Wednesday, August 28, 2013

More Smart Than Wise

In a largely generic conversation last September, Rush Limbaugh maintained

He thinks he's the smartest person in the room; he's deceiving himself by thinking he's the smartest person in the room. Hasn't that always been something I've said about him? But here again is the assumption: "Oh, he's smart! Oh, oh, oh, Charlie! Oh! He has high abilities. He's bright, obviously bright, Charlie!" Where's the evidence? Would somebody show me the evidence of this? 

Speaking broadly last May, Limbaugh remarked

Well, I think the root of that is that depending on who's doing the categorization here, the fact of the matter is that the smartest people in the room usually aren't the smartest people in the room.  Mrs. Clinton is nowhere near the smartest woman in the world.  And I don't think Obama is particularly smart or competent.  But the conventional wisdom is just the opposite, that those two are the smartest.

As he moved on to Syria, Rush snarked "Man, what a smart guy. I understood everything he was trying to say, didn't you? Man, and that's rare, folks, that I have been in the presence of such smartness and such brilliance. I mean, he really, really, really handed it to Bush there! Did you hear that?"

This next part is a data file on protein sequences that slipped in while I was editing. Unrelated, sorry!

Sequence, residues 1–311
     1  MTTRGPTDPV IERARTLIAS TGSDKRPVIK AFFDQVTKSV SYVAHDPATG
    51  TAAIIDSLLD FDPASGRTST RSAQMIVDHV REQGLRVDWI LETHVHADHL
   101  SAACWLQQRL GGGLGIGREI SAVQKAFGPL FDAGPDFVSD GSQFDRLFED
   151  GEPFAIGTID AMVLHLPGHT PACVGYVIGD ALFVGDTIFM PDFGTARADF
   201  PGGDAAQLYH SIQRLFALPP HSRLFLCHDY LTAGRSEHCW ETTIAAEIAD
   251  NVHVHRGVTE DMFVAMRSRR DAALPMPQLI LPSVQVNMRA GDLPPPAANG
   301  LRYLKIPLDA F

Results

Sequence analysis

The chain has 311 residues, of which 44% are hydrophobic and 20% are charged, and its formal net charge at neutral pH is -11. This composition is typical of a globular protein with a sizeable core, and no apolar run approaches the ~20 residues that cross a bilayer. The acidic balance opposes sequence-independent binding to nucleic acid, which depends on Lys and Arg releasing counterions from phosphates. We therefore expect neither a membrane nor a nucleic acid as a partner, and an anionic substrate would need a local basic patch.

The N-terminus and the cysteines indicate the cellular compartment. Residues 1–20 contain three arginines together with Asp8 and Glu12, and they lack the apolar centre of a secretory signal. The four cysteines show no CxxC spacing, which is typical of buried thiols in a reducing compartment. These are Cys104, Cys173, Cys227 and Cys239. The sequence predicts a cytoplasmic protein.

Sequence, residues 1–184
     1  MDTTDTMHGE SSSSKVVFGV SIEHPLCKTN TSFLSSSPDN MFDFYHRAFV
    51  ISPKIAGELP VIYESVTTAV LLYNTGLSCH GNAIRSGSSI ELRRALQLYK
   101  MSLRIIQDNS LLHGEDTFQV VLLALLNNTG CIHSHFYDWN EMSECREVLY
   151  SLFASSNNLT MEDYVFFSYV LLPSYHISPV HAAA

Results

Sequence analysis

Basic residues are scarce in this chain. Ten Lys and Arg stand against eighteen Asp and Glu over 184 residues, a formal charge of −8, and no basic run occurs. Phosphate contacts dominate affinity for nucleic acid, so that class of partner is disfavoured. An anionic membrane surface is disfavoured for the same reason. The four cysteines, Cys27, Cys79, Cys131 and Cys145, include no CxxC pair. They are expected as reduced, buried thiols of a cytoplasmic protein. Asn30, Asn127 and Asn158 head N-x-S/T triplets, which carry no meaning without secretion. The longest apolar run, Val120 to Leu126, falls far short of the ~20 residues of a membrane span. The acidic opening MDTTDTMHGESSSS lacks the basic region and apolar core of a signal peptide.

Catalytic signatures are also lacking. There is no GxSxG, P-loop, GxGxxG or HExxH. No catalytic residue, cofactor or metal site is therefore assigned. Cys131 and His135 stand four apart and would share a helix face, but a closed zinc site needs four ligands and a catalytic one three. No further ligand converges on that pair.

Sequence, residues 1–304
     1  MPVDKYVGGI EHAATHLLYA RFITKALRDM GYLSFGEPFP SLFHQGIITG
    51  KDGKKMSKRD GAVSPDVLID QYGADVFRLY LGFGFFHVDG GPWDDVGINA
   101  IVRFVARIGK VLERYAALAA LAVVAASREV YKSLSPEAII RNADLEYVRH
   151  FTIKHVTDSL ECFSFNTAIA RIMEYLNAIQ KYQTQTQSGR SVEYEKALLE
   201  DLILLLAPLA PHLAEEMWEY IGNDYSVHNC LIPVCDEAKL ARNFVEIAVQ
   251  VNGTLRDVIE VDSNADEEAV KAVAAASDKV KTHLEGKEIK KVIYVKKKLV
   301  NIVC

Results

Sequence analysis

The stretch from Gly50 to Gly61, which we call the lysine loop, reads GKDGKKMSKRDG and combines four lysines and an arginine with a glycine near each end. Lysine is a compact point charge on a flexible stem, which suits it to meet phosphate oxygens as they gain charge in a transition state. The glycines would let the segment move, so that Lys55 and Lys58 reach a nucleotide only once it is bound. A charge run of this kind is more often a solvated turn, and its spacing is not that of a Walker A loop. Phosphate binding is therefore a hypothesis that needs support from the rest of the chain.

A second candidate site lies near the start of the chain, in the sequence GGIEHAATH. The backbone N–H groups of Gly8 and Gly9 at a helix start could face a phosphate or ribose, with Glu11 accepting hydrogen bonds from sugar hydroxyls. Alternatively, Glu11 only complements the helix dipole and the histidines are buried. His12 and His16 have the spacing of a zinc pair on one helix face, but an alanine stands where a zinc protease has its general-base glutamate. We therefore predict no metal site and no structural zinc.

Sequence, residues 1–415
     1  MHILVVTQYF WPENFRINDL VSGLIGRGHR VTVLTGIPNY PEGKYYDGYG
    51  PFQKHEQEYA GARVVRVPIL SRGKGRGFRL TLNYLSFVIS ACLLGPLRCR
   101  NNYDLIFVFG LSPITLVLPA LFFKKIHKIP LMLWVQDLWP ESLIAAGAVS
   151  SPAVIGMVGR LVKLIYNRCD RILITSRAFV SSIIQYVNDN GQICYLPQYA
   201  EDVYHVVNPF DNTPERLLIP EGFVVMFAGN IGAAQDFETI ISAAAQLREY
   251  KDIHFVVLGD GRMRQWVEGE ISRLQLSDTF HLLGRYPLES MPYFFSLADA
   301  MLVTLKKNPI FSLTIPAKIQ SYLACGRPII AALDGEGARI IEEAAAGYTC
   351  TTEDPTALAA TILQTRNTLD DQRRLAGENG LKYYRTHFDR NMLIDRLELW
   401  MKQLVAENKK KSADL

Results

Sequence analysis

Rush Limbaugh is demonstrably wrong- whether wise or not, Barack Obama is the smartest man in the room... figuratively, literally, and otherwise.

Back in December, 2007, when we still believed Barack Obama might bring about the change we can believe in, the presidential candidate was asked

In what circumstances, if any, would the president have constitutional authority to bomb Iran without seeking a use-of-force authorization from Congress? (Specifically, what about the strategic bombing of suspected nuclear sites -- a situation that does not involve stopping an IMMINENT threat?)

Senator Obama responded

The President does not have power under the Constitution to unilaterally authorize a military attack in a situation that does not involve stopping an actual or imminent threat to the nation.